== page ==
Or as we would say, “Many Years!”
Name-Days are extremely important in Greek Orthodox religion; more so over Birthdays. Every Greek celebrates their Name-Day, which is a specific day addressed to someone who shares the same name as a Saint.
Every Saint is celebrated, but none as gloriously as the Virgin Mother Mary.
It is on August 15th where all of Greece celebrates Mother Marys Name-Day, and anyone who bears the name Maria, Despina and Panagiotis (and their derivatives: Mary, Peggy, etc.). Anyone with these names are wished “Chronia Polla!” – which is like wishing someone a Happy Birthday.
This specific name-day is known as the Dormition of Theotokos (aka the Virgin Mother Mary) and is one of the most important holidays in Greece – coming up third right behind Easter and Christmas. I list Easter first because it’s the most important holiday in the Greek Orthodox Church – even more important than Christmas.
The Dormition of Mother Mary is also celebrated in the Catholic Church and is known as Assumption Day (meaning the day the Virgin Mother Mary “fell asleep” and God “assumed” her physical body into Heaven).
I have to say, I’m very blessed to have not only witnessed my surroundings and sightings of this two-week holiday in Greece, but also because I was included in this spectacular celebration!
It starts on August 1st. The Greeks fast (no meat, dairy, fish, oil or wine – except on Saturday and Sunday) for two weeks preceding Dormition Day. August 6th is the Feast of the Transfiguration of the Lord (you are allowed to eat fish on this day); however, I believe we celebrated the Feast of the Transfiguration one day prior (Friday, August 5th) – or at least that’s what I assume – because Dan, myself and our neighbors were invited to our landlords house (who live next door to us) to feast on delicious (all vegetarian) homemade food; including freshly baked bread blessed by the Orthodox Priest.
And it was amazing!
I of course brought a side dish of fruit salad to contribute to the table, and they really enjoyed it.
The following weekend, Dan and I were invited again to eat and celebrate the night before Dormition Day. We brought two bottles of wine over (one Californian and one Italian) and we were greeted with smiles and kisses on both cheeks from the whole family.
We feasted on roast lamb, pork & chicken, noodles & rice, tzatziki, cakes & pies, and Wine & Raki – all of it was delicious homemade Greek cuisine.
I was shown where they cooked the meat in a traditional Greek oven (unfortunately I arrived too late and missed them cooking, but the oven was still hot and apparently stays hot for several days!) and was also shown where they picked the fresh herbs they used to cook with.
Once the food and raki settled in, everyone started dancing! I pretty much dance any chance I can get. Even when I was little, I would dance at every wedding I attended. So I obviously jumped right in, but apparently have two left feet! We danced the whole night: which included traditional Greek dances as well as traditional Cretan dances.
Greek/Cretan dancing can tie your feet into knots… especially after a little Raki!
After dinner and dancing, our new friends asked us to join them for some drinks in Old Town Chania. Unfortunately Dan had to work the next day (Monday), but said he didn’t mind if I went… so I did!
I’ll start by saying you usually don’t go out until 12 p.m. in Greece… and the bars close once the sun rises. I’ll end with saying… you guessed it… a hangover. Blah!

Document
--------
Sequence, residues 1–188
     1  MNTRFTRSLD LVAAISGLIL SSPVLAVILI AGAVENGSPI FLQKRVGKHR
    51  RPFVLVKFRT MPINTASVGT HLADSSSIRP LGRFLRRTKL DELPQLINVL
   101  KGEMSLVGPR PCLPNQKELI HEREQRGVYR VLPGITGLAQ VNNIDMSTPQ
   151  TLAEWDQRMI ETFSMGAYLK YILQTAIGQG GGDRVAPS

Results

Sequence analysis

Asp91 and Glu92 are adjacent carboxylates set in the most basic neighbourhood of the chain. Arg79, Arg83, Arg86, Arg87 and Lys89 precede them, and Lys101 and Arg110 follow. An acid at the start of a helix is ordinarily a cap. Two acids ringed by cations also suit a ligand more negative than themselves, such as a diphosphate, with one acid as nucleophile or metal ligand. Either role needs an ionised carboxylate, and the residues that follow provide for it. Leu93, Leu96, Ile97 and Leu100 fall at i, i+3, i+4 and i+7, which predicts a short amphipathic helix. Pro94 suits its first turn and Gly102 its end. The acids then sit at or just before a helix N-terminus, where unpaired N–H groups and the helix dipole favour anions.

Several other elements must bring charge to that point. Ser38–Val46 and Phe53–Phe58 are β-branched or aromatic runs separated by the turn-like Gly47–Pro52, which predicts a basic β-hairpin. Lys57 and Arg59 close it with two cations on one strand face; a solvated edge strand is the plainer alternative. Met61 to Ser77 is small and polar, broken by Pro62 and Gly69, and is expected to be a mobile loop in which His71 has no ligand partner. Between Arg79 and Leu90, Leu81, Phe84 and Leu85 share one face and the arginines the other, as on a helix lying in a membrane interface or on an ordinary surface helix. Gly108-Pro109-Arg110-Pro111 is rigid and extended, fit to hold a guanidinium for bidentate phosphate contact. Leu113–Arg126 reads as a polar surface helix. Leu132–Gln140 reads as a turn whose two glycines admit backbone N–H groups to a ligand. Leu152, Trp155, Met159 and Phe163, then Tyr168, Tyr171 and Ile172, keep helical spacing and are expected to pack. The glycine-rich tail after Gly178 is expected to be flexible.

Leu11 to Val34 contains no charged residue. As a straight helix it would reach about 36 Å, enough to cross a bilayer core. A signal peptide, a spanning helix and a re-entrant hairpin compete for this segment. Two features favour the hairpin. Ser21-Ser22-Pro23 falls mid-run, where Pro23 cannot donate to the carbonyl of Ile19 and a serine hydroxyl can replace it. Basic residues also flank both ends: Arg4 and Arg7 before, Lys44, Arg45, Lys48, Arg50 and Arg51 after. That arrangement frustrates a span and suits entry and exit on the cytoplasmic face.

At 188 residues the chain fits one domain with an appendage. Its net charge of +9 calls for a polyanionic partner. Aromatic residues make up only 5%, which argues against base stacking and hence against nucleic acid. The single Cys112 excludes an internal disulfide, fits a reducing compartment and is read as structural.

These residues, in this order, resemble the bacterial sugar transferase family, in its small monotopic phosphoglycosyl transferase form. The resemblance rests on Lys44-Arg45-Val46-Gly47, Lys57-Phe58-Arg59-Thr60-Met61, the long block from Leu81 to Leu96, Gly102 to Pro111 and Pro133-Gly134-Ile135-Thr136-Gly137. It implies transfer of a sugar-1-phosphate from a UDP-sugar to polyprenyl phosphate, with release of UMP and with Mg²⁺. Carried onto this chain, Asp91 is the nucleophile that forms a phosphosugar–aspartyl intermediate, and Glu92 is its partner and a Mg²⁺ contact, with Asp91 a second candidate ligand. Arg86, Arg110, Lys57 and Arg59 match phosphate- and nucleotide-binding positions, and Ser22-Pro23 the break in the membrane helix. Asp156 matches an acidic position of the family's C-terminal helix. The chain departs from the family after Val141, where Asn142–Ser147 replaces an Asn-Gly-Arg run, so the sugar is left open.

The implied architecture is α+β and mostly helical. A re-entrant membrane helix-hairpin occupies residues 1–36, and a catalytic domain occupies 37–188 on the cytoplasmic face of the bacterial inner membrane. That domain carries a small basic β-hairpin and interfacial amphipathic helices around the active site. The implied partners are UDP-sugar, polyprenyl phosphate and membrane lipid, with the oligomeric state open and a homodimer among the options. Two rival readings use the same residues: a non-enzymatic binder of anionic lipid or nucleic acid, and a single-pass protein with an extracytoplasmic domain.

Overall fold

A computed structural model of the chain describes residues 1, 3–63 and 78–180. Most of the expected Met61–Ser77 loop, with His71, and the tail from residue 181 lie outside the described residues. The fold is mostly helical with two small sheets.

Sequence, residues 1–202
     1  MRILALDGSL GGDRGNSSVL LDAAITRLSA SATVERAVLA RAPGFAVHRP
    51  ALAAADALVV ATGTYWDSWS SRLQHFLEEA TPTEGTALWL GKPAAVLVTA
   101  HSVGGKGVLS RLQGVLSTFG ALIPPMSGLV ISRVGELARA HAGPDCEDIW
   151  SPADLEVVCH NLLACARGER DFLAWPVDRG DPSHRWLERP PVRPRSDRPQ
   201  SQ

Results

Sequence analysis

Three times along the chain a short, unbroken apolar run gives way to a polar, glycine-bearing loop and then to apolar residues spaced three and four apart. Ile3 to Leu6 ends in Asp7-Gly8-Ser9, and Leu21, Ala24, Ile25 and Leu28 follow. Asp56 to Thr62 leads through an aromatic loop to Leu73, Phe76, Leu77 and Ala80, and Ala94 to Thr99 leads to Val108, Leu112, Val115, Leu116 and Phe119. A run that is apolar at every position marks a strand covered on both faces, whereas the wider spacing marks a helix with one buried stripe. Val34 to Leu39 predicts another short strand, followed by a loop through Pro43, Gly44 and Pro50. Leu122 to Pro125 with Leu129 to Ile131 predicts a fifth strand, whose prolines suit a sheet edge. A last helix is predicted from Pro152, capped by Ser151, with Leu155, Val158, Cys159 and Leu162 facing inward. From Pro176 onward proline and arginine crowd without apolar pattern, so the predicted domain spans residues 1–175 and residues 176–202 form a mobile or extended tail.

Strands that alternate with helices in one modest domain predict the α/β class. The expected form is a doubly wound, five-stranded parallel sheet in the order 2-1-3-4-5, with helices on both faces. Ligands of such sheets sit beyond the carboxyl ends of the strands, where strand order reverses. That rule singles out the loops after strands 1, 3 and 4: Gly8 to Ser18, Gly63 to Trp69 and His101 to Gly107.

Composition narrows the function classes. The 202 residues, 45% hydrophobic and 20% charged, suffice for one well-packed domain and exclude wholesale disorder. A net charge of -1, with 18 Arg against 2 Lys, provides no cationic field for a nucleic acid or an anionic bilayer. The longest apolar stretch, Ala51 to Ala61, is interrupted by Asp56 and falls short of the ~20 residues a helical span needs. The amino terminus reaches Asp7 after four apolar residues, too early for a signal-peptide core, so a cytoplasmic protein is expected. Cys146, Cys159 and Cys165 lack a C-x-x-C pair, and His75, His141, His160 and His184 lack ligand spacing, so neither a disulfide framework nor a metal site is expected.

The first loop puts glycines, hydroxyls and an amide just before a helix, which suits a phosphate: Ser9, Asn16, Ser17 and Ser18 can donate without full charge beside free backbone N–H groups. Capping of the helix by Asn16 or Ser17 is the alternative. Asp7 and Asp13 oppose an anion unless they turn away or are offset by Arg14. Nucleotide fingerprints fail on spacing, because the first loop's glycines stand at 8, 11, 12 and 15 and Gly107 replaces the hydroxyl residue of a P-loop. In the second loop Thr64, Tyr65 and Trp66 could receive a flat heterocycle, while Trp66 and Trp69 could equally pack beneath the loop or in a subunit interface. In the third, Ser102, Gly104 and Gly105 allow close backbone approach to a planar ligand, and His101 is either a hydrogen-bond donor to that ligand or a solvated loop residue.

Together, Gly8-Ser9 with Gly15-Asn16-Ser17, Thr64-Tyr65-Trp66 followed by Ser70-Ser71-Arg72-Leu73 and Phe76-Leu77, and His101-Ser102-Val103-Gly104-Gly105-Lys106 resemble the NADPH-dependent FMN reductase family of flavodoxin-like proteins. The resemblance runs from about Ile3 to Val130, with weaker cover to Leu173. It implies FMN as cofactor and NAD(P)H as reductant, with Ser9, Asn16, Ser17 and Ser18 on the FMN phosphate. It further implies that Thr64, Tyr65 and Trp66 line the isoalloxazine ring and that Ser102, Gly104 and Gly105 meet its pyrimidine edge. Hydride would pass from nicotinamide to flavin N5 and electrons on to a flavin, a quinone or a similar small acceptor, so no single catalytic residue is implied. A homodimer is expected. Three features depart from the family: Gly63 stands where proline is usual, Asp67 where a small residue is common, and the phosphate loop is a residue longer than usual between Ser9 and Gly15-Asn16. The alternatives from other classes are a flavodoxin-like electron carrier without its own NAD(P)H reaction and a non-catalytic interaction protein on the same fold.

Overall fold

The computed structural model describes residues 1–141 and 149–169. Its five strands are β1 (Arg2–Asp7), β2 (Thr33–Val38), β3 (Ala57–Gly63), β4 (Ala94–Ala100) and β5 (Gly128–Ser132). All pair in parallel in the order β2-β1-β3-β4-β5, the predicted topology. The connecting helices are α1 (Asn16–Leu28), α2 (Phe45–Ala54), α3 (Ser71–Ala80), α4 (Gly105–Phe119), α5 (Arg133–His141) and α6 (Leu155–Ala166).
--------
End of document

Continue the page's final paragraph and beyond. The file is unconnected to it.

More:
The next day was Dormition Day. Since it was Monday, Dan was unable to join because he had to work.
So I attended alone. Hanging out with Greek-speaking people who I literally just met. On one of their biggest holidays.
And it was pretty damn awesome.
I baked a delicious side dish (non-Greek) Coconut Saffron Rice. I was betting against all odds for this flavorful and aromatic rice dish, as coconut is not a typical flavor the Greeks are used to eating. However, I wanted to provide an American dish for them to try out – actually it’s more Asian/Persian than anything.
Once I arrived inside their home, my breath was literally taken away. No, there wasn’t anything unusual. It was your typical folding tables covered with white linen. It was the usual plates and glasses set on the table. It was the T.V. that was playing traditional Greek holiday music. And it was the very familiar plates of food and salad bowls that were set atop the connected tables. Not to mention my CorningWare casserole dish (with the pot holder my grandma made me) sitting among everything else.
What took my breath away was the fact that it was all so eerily familiar – just like every Christmas, Thanksgiving, Passover and Easter I’ve celebrated ever since I could remember.
I seriously had no idea what to expect… but being so far away from anything American just led my mind to wander off into the abyss. I had no intention of seeing something so familiar. I know, I guess it’s not really that surreal… I just figured being halfway across the world would mean a completely different way of life and celebrating. But it’s pretty much the same. Minus the traditional dancing and sliced feta cheese on the table!
The food was absolutely delicious. The cakes and pies were perfectly made. The family was so welcoming, kind and generous. And (most) of the family really liked my rice dish – Score!
We danced for several hours as the raki kept flowing until all the men passed out on the couch and all the women were putting the dishes away. I seriously couldn’t have asked for a better day.
I will never forget these celebrations and the lovely family that included me. Like I said before, I am extremely blessed to have had the opportunity to join them and (as they stated) to be considered family.